SPRAGGETT ON CHESS
If you are like me, over 50 and of the baby boomer generation, then we just refuse to grow older! It is a matter of principle! However, our body has a mind of its own, and growing older is all about you and your relationship with your brain. Barbara Strauch has spent a lifetime studying and writing about how the brain works at various phases of a person’s life. Here is a great article published by her in Reader’s Digest that deals with the brain and aging.
How the Brain Benefits With Aging
Why you’re getting smarter with age…
(ADAPTED FROM “THE SECRET LIFE OF THE GROWN-UP BRAIN,” COPYRIGHT © 2010 BY BARBARA STRAUCH)
Recently, I tried–really tried–to buy a book for my book club. I went online and ordered The Alchemist, by Paulo Coelho. Then, a week later, I had a free moment at work, and I thought, Oh, I should order that book club book. I went online and carefully typed in an order for The Alchemist–again.
A few days later, as I was jogging in the park, a faint bell went off in my head, and I thought, I bet I ordered the wrong book. At home, I checked my e-mail, and, sure enough, we were supposed to read The Archivist, by Martha Cooley.
I’d ordered the wrong book-twice.
And that wasn’t the end of it. Later that week, I was talking with a fellow book club member, a neurologist, who, after hearing my embarrassing story, started to laugh. It turned out that she’d gone to the library and had just as carefully selected a copy of The Alienist, by Caleb Carr.
So there you go. Two middle-aged brains, three wrong books.
We all worry about getting old. We all worry about getting sick. But we really worry about losing our minds. Will we forget to tie our shoes or zip our flies? Will we fumble our words and fall into our soup? Are our brains on an inevitable slide?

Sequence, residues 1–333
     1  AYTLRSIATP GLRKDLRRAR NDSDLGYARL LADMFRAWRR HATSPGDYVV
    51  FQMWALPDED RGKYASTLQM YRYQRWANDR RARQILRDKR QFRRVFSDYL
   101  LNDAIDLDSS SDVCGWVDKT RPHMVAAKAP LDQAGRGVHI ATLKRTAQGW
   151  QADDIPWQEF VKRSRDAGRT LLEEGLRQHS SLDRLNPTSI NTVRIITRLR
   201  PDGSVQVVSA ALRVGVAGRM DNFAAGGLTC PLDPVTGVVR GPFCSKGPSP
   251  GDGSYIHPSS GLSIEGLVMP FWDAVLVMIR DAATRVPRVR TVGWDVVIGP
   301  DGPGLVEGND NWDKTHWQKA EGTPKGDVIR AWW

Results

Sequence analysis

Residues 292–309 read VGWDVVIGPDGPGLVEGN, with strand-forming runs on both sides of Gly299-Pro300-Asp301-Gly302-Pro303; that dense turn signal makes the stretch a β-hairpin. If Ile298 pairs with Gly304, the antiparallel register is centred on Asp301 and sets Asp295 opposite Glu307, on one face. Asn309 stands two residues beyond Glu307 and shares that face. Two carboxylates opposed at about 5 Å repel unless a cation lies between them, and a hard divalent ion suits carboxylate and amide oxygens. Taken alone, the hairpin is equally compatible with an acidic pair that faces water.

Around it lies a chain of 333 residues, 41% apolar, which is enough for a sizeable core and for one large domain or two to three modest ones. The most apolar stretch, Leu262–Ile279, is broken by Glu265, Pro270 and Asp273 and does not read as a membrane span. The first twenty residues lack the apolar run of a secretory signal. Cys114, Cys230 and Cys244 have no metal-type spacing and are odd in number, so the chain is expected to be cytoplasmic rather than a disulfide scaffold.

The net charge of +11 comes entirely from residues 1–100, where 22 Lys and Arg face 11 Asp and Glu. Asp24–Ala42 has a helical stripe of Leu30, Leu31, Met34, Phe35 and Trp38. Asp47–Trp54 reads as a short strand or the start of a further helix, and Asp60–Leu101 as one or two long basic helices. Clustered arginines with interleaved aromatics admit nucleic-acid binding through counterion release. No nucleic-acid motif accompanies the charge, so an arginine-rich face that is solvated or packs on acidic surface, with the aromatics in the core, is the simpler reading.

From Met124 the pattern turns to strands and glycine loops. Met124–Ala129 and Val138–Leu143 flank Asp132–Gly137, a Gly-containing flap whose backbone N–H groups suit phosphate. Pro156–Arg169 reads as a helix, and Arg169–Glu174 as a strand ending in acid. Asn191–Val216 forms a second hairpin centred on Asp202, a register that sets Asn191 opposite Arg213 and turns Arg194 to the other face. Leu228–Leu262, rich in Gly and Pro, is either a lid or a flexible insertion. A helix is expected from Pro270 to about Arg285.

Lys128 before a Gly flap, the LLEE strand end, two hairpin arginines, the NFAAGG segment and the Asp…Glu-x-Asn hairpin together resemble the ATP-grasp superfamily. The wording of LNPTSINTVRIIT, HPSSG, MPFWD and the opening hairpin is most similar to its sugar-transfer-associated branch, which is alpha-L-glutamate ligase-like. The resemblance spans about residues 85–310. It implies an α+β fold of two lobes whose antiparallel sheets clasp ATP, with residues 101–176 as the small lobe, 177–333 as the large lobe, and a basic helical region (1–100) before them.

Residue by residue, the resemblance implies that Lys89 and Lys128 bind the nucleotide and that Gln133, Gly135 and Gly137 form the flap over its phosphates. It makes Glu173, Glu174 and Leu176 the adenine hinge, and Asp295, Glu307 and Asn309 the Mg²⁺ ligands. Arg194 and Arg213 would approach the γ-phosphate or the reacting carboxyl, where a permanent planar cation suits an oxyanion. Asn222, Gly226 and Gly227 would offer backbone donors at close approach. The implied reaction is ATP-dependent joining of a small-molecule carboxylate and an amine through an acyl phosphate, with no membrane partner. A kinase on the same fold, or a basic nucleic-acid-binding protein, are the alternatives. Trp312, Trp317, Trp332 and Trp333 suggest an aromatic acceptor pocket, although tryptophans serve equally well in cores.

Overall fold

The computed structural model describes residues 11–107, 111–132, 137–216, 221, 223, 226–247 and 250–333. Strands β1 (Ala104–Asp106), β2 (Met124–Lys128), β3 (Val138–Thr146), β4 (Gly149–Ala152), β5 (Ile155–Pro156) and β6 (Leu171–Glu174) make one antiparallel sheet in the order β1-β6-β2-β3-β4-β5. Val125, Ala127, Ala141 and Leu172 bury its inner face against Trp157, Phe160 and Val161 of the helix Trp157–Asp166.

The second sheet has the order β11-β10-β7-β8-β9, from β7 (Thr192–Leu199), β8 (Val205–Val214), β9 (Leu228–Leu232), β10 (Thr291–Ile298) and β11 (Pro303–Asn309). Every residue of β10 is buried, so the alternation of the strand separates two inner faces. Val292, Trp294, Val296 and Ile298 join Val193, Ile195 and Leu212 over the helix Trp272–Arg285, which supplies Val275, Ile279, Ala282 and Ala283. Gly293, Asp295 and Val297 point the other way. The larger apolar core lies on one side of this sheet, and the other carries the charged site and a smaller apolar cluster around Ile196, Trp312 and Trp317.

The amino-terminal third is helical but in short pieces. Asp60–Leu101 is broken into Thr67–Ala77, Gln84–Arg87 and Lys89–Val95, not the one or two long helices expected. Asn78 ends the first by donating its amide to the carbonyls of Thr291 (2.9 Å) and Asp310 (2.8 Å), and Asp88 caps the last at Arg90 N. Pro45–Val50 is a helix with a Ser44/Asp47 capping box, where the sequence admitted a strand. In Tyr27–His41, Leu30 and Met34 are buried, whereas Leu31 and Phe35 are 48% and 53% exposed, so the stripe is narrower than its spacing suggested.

The quick answer is no. I looked into this subject partly because I wrote a book some years ago on the teenage brain. After it came out, I’d sometimes give talks on the topic for juvenile-justice or school groups, and I would usually be driven to the airport by the person who had arranged the event. More often than not, that person, like me, was middle-aged, and as we drove along, he or she would say something like “You know, you should write a book about my brain. It’s horrible-I can’t remember a thing. I forget where I’m going or why. And the names-the names are awful. It’s scary.” I would smile and nod, thinking of my own middle-aged brain. Where do all the names go?
Eventually, I spent considerable time tracking down those lost names, talking to researchers and digging into the latest science to find out what goes wrong in middle age and what it means. And I found something un-expected-not bad news but good.
Yes, the brain at middle age has lost a step. Our problems are not imaginary, and our worries are not unreasonable. But neuroscientists have found that the middle-aged brain actually has surprising talents. It’s developed powerful systems that can cut through the intricacies of complex problems to find concrete answers. It more calmly manages emotions and information and is cheerier than in younger years. Indeed, one new series of fascinating studies suggests that the way our brains age may give us a broader perspective on the world, a capacity to see patterns, connect the dots, even be more creative.